Today’s Guest Blogger is Michael Zelenka from the University of Notre Dame & ACE. His topic is the Church Document “Religious Dimension of Education in a Catholic School” podcast on the Catholic School Matters podcast.
In his latest podcast, Dr. Uhl and John Galvan, Director of Schools from the Diocese of San Diego, address three areas of The Religious Dimension of Education in a Catholic School: Guidelines for Reflection and Renewal for ongoing consideration:
- The need for Catholic schools to respond to the dangers children face
- The importance of establishing a vibrant Catholic identity within the school
- The responsibility of teachers to be authentic witnesses of Jesus Christ
This document opens with a call to action. The opening paragraphs speak of the trials faced by children and how Catholic schools must heroically respond to their needs. The Congregation recognizes that young people find themselves in “radical instability” (#10) and “in an environment devoid of truly human relationships; as a result they suffer from loneliness and a lack of affection” (#11). Written almost 30 years ago, the urgent need for Catholic schools to offer to students “something of value in their lives” (#13) has both lingered and intensified. Our kids need what Catholic schools offer.
Given this urgent need, there is grave importance to establish an unabashedly Catholic climate within the school so that “From the first moment that a student sets foot in a Catholic school, he or she ought to have the impression of entering a new environment, one illumined by the light of faith, and having its own unique characteristics” (#25).
This Catholic school climate “must create favorable conditions for a formation process” and includes: “persons, space, time, relationships, teaching, study and various other activities” (#24). The Congregation covers each of these facets of the Catholic climate with a heavy emphasis on the role of the teacher in creating this atmosphere, stating, “Prime responsibility for creating this unique Christian school climate rests with the teachers, as individuals and as a community” (#26).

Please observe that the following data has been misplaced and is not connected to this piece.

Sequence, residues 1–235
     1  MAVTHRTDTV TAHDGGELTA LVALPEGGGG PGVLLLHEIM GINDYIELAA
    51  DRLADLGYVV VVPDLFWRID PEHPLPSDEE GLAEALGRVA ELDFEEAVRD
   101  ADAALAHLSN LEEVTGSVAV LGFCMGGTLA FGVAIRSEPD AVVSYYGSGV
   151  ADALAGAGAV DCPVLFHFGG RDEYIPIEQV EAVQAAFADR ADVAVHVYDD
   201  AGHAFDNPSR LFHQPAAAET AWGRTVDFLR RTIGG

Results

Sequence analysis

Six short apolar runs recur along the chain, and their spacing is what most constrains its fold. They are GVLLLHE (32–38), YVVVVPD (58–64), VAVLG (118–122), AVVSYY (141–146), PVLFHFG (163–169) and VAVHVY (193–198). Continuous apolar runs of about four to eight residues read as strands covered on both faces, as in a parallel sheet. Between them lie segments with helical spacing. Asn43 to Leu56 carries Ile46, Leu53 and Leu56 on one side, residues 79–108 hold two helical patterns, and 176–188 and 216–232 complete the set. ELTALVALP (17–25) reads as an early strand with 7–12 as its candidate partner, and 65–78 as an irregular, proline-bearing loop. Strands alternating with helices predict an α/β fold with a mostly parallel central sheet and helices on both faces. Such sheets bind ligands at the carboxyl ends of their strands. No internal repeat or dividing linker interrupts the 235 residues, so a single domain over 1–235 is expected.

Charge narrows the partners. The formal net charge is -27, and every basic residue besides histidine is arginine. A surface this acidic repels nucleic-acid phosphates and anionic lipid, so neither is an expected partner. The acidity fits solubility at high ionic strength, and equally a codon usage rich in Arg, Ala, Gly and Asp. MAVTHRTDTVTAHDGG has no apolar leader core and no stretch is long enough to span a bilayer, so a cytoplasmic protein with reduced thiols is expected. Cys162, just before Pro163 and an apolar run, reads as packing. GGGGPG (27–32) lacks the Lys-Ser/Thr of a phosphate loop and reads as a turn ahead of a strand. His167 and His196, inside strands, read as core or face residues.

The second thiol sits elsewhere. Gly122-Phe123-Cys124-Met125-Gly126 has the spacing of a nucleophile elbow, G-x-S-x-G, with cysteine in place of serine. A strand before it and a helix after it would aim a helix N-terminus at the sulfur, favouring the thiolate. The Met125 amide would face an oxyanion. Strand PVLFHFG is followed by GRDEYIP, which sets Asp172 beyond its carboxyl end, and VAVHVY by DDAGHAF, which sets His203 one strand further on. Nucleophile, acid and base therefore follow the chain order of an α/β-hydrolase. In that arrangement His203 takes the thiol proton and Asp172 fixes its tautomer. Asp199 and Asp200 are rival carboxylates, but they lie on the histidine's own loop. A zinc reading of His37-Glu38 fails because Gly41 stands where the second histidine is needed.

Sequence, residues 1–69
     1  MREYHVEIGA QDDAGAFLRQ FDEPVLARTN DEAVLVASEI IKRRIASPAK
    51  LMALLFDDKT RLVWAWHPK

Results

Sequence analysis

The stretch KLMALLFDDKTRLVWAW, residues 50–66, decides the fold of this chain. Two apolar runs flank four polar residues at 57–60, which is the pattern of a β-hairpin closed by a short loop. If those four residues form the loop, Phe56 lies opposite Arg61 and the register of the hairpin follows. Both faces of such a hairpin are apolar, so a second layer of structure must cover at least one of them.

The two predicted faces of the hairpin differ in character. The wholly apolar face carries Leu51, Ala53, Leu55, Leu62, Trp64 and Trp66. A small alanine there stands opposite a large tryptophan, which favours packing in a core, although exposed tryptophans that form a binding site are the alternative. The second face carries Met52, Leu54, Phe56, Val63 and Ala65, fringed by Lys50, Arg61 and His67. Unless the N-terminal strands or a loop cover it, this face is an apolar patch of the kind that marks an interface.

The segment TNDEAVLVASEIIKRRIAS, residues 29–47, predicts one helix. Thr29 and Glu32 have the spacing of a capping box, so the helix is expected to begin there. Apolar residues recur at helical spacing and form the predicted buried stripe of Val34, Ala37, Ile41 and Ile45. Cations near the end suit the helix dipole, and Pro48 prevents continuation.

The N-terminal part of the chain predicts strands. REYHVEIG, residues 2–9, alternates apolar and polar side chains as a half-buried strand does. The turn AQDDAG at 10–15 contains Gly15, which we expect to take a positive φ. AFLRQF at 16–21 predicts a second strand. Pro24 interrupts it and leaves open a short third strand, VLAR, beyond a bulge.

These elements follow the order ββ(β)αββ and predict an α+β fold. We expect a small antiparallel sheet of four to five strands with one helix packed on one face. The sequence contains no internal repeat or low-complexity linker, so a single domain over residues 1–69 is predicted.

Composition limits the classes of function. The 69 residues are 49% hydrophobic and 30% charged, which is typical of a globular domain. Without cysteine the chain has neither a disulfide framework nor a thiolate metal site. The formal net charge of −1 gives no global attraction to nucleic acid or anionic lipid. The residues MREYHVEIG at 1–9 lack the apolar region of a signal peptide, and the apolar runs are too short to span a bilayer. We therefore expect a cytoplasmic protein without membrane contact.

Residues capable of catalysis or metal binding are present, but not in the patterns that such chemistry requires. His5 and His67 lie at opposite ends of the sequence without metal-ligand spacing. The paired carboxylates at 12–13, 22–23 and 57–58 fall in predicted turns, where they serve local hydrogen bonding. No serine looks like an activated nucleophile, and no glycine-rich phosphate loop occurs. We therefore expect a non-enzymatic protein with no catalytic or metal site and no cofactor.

The Congregation, in highlighting the importance of teachers within Catholic schools, echo the words of Pope Paul VI in 1975, when he proclaimed, “Modern man listens more willingly to witnesses than to teachers, and if he does listen to teachers, it is because they are witnesses.” The responsibility of teachers to establish and uphold this Catholic culture and to be authentic witnesses of Christian discipleship “includes such things as affection, tact, understanding, serenity of spirit, a balanced judgment, patience in listening to others and prudence in the way they respond and, finally, availability for personal meetings and conversations with the students” (#96). The teachers within our Catholic schools must make Jesus incarnate in every interaction, relationship, and moment.
Dr. Uhl and Mr. Galvan highlight the quote-worthiness of many passages within this document from the Vatican’s Congregation for Catholic Education while also recognizing that it merely reinforces and extends concepts and ideas from documents that preceded it. Nonetheless, The Religious Dimension of Education in a Catholic School centers itself on ensuring that Catholic schools maintain, harness and ultimately unleash the qualities and characteristics that make our schools, along with grace, instruments that can and will change our world.